About a year ago, I was forced to rest. I came from a surgery on my lower back and had to stay at home for a couple of weeks to recover. It was a weird feeling, the whole staying-at-home business. I was so used to filling my calendar with engagements that the sudden change of pace was jarring. Day in and day out for a month or so, I did almost the same thing: eat, sleep, read a book, watch anime, repeat.

I did enjoy slowing down, recollecting myself and erasing my backlog of shows to watch. At the back of my mind, though, I felt something was off. It seemed unfair that I could afford to be so carefree. To rest felt like it was such a privilege.

For me, entering the development sector and committing to the work of social transformation changes the way one thinks, moves, and does things. Everything starts to feel like a hustle. There’s always a pending task: a talk to prepare, a meeting to conduct with like-minded individuals. I have jumped from one gathering to another, convinced that I was working to improve this world. A nagging sense of urgency and responsibility powered me forward.

I felt the pressure. Accountabilities felt heavier. So much was at stake. My work actually affected others. If I didn’t push myself to finish this communication plan, it would have been a lost opportunity to influence the outcomes of an important political campaign. If I didn’t organize that meeting with a legislator, it would have been another day lost in highlighting a problem faced by a marginalized community I’ve gotten to know. If I didn’t take on this speaking engagement, it would have been a lost chance to influence young people to be part of an advocacy.

In a sense, we who are engaged in development work run around in a perpetual state of anxiety, chasing the next thing to do. Who can blame us? We look around and it feels like we’re in deep shit. We are inheriting a world that might end by 2030 because of foolish leaders who have no courage to make difficult decisions to protect the environment. We have leaders who flounder and are unable to articulate a clear plan for moving us forward. The way our economy is run, most of the wealth will soon belong to 1% of the population. Is this the world we want?

Faced with these grave problems, we can’t help but feel that we have a stake in solving them, that we are somehow accountable for bringing relief to those who are suffering and just dues to those who have less in life. How can I not respond? What right do I have to not give? What if I could have helped someone if instead of binge-watching Ghost Fighter I raised funds? Is there really time to rest?

The reality of inequality, of haves and have-nots has become even more stark amid the coronavirus pandemic. The privilege of not going hungry, of having a safe home, or not worrying about income has subconsciously driven me to keep doing something, anything to diminish my guilt over enjoying basic t‌hings. Half a year into the health crisis, anxiety besets me, manifesting itself in dreams where I find myself running away (usually from zombies), or in daydreams about an event that is not supposed to happen until the following day. I wake up and realize that I’m actually not done with my deliverables. Que horror!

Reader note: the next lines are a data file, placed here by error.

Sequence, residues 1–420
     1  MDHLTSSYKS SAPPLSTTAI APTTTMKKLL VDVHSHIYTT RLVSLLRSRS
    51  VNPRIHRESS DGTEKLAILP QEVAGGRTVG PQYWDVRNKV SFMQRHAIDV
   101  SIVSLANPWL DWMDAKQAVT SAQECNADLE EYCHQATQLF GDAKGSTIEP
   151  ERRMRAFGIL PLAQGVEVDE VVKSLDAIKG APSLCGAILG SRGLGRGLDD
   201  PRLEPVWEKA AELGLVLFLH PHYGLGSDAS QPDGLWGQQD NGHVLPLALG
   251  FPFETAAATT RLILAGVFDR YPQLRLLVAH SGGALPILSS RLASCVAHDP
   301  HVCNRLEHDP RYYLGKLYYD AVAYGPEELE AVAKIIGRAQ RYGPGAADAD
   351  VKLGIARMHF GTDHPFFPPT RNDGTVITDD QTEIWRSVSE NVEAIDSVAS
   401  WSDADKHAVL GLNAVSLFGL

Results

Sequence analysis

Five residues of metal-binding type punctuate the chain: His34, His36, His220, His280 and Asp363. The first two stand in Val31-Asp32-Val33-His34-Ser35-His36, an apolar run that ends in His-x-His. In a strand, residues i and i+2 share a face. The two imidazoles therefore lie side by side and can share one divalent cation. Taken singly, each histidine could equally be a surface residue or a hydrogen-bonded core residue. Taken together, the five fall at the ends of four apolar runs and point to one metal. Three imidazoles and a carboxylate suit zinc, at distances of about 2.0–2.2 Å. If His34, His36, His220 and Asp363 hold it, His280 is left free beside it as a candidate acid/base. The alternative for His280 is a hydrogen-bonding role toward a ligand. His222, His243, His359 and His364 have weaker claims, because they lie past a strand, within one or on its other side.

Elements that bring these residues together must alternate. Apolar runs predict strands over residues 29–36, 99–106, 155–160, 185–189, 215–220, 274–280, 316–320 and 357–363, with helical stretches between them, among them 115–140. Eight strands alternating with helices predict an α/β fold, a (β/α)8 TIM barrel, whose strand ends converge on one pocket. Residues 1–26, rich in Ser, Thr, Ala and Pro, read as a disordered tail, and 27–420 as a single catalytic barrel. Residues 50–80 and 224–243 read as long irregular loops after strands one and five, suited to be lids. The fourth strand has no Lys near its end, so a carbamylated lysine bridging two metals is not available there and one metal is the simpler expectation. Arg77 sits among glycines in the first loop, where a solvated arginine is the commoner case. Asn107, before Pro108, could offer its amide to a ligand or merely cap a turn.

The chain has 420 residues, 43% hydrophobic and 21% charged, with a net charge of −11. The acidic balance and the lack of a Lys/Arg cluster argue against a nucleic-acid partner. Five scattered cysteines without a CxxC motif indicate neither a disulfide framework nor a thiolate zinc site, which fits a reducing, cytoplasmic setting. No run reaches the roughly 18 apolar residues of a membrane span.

March 2020 now feels like a distant memory. The adrenaline rush that made people organize and help those who suffer has given way to grief as we realize that this pandemic is here to stay for a while. Now I sit in meetings where the exhaustion of young people is palpable. An atmosphere of simply coping and surviving fill the once-energized spaces of collaboration.

Yet in spite of the fatigue that we feel in our bones, resting continues to feel like a privilege. The problems around us remain, seemingly ever-growing and ever-present. To stop and rest feels sinful.

Nevertheless, I have come to realize that the work of social transformation is a marathon. Pacing oneself is necessary. This does not mean that there are no urgent matters or that we play blind to the suffering around us and run away from it. This just means that I humbly accept that I can’t handle everything, that I get tired, that I get wounded in the fight for all that is good in this world.

My experience of recovering last year taught me this: I was and continue to be limited. I am not a messiah, I am just a collaborator in building a better world, and because of that, I need to be compassionate with myself. I have to rest.

Rest is a privilege, but it is a privilege I must claim though I am somehow well-off. If I do not, I just might not get through all of this.